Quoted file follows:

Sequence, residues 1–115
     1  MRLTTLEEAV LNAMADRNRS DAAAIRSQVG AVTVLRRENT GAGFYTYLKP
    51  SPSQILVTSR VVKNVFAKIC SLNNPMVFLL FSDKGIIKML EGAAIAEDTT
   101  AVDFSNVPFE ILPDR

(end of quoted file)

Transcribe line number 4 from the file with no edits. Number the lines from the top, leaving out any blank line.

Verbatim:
   101  AVDFSNVPFE ILPDR